It has been one year now since the Covid-19 pandemic disrupted the world. It changed our lives, but financial markets seem to have side-lined this dramatic event as a temporary pullback, which was quickly recovered and forgotten as most risk assets achieved new highs.

Hopes persist that a “here and now” vaccine will rescue the global economy and overshadow unexciting recent economic data and the uncertainties of the virus cycle. This translates into an unprecedented divergence between markets and the real economy, raising questions about the sustainability of current valuations.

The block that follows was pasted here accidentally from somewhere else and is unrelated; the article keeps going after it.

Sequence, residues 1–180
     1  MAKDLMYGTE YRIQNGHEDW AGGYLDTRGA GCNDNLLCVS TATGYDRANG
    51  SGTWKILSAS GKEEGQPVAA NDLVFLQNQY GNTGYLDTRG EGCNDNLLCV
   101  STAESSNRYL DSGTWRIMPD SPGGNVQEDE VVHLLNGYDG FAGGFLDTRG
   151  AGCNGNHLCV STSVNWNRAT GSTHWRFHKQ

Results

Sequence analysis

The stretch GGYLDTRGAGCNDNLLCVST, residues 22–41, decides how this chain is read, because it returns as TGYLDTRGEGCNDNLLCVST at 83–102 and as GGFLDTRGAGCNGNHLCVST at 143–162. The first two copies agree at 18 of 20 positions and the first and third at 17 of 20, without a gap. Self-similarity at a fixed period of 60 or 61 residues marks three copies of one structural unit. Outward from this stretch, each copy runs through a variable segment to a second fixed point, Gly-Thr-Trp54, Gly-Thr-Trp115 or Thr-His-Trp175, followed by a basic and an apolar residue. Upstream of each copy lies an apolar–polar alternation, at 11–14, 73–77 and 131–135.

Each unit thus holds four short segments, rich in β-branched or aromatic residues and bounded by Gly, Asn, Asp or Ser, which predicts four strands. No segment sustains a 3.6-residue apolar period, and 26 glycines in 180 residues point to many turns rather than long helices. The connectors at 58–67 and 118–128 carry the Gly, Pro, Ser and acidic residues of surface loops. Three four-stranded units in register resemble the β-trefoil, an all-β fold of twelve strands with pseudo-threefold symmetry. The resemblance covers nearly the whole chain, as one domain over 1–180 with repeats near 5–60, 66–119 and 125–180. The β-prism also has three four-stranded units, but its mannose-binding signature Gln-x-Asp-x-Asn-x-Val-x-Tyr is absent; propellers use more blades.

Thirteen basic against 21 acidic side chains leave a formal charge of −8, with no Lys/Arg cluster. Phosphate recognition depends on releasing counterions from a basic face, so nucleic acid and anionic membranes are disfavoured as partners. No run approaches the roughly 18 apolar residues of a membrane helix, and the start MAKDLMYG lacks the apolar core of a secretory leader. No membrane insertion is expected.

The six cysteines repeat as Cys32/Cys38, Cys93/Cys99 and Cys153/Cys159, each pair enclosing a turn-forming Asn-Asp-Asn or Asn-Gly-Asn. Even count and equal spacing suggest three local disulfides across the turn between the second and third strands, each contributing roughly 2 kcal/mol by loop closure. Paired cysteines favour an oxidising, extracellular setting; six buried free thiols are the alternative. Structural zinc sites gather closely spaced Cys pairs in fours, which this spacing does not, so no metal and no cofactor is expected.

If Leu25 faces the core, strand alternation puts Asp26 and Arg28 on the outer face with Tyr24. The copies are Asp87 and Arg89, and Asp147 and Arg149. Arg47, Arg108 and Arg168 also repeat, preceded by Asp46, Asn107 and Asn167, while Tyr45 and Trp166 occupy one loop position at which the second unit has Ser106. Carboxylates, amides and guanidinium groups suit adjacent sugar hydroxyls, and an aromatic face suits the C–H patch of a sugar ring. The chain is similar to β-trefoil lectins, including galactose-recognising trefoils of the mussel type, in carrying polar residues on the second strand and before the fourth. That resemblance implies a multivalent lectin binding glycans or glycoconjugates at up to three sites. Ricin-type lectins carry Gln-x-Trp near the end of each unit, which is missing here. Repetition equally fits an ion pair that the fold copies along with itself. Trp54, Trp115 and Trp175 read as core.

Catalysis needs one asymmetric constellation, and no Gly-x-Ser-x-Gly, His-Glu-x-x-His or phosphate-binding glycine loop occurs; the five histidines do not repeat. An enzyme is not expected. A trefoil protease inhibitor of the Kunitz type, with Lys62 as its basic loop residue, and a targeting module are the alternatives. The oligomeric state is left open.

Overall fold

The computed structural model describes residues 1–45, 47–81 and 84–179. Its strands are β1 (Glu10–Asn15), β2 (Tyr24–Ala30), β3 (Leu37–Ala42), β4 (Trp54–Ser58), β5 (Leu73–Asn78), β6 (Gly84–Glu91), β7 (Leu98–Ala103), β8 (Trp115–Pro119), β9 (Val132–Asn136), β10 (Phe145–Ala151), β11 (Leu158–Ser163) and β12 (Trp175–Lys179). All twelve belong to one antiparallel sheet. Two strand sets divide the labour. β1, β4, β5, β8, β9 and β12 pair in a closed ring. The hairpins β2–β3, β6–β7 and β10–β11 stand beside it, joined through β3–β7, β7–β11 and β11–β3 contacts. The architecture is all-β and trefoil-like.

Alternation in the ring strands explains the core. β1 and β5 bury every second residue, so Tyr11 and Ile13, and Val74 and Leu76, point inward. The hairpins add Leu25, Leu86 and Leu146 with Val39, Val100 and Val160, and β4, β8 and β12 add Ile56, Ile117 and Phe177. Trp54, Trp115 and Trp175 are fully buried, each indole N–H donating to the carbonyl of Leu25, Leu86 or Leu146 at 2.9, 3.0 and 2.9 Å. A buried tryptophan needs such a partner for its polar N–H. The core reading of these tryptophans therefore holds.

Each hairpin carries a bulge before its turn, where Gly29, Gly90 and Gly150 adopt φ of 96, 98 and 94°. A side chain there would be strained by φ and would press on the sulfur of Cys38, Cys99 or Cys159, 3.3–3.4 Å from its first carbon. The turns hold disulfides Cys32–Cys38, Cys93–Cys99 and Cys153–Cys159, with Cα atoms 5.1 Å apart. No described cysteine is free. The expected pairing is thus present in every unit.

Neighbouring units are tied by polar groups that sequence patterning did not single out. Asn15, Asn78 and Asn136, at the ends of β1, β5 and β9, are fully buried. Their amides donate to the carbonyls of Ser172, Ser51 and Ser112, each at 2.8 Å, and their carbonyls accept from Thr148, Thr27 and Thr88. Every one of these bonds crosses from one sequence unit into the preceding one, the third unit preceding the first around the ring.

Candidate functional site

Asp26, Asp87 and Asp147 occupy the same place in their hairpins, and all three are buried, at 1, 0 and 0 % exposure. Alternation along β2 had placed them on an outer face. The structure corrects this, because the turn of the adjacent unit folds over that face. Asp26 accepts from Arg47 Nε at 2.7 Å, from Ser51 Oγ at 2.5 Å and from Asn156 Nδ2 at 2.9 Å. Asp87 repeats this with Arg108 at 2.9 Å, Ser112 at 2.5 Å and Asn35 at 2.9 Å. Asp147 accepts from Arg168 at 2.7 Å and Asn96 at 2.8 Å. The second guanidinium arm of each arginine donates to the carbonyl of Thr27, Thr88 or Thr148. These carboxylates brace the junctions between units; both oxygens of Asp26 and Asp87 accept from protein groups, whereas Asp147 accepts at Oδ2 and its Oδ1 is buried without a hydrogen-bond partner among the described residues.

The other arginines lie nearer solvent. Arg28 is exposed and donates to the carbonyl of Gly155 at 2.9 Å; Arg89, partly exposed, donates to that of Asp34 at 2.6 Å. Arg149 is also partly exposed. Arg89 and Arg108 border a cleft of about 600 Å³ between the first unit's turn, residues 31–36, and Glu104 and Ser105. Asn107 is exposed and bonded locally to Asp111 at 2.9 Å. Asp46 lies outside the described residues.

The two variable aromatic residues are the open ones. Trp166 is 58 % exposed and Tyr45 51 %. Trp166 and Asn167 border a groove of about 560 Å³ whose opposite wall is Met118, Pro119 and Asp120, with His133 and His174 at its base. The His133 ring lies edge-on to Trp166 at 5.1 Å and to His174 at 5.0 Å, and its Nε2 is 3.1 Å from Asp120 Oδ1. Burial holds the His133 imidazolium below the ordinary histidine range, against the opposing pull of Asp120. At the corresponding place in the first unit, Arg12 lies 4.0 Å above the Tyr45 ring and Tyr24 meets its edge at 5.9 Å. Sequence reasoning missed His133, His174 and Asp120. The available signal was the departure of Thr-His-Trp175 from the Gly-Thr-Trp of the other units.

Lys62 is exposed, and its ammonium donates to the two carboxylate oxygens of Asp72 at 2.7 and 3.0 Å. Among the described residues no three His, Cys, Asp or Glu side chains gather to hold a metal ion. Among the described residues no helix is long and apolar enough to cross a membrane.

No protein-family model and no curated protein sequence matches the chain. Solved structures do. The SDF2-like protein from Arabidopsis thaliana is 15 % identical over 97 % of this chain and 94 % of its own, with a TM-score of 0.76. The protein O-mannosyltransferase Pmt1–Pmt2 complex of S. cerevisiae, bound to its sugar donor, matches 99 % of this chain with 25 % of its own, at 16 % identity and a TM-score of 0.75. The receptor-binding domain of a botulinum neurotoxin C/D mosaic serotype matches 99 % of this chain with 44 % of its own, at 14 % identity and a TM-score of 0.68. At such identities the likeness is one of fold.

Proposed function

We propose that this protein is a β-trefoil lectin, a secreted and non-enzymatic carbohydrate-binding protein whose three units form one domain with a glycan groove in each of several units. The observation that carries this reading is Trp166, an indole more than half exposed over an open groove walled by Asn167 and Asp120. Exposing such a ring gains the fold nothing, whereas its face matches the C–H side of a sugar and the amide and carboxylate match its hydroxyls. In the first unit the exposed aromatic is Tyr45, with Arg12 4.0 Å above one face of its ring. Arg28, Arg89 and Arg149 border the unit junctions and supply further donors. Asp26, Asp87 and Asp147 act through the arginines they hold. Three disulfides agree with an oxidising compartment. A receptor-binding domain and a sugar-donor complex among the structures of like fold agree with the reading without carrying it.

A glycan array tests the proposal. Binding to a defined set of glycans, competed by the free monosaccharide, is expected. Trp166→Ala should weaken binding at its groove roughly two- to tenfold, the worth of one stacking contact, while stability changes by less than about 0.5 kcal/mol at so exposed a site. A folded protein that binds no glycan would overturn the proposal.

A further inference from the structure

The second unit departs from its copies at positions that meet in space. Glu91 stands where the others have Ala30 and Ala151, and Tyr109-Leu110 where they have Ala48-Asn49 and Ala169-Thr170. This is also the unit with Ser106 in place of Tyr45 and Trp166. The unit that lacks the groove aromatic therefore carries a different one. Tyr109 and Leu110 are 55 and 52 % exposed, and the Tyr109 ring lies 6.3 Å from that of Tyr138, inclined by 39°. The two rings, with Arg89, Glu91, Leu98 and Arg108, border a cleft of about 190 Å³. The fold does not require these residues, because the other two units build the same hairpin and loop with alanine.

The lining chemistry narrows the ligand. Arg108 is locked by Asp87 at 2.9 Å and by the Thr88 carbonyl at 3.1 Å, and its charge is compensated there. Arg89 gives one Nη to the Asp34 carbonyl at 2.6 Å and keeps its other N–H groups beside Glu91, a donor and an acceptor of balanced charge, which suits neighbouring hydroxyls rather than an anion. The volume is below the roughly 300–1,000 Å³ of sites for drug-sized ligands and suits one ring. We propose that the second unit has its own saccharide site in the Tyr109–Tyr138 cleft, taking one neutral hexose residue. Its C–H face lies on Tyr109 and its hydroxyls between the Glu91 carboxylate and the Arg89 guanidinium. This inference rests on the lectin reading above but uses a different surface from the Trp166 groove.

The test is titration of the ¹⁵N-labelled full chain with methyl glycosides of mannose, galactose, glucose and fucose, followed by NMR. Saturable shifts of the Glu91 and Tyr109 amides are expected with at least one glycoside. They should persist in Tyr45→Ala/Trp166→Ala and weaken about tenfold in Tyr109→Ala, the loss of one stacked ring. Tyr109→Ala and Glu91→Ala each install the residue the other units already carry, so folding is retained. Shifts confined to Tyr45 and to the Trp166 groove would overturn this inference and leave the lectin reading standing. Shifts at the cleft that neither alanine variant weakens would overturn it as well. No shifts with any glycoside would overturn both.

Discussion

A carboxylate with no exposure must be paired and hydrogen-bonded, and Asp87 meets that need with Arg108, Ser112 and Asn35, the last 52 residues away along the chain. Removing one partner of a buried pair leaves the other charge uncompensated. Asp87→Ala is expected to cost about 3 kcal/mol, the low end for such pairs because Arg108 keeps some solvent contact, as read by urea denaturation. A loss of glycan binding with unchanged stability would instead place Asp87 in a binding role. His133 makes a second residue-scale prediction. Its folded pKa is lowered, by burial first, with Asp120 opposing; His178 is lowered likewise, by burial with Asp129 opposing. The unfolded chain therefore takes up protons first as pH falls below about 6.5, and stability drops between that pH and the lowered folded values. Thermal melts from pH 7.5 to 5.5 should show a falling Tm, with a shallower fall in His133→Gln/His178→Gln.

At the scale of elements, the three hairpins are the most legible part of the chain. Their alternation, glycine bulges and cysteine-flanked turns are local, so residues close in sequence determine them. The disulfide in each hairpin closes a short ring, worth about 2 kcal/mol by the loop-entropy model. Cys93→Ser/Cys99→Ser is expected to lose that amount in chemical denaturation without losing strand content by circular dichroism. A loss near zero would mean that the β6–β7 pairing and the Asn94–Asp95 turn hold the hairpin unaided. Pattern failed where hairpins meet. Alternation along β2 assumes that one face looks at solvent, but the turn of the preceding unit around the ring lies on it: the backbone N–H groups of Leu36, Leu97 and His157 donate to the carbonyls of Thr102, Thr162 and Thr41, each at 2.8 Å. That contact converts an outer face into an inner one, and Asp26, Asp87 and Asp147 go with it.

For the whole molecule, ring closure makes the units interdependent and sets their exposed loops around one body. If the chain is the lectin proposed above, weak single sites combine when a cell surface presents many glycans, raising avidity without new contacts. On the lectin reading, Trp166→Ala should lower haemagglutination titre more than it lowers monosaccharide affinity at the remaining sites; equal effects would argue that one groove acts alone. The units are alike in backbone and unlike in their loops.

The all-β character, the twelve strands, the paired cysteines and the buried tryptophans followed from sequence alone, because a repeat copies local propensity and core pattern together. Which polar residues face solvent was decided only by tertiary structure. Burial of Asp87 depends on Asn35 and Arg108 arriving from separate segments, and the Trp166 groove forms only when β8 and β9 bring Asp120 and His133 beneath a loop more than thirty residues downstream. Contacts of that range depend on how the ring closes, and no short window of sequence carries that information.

Central banks’ extraordinary monetary reaction to disinflation, and then deflationary tensions, has been the key market driver of the regime that followed the Great Financial Crisis. This has sanctioned the victory of monetary and liquidity factors over real factors.

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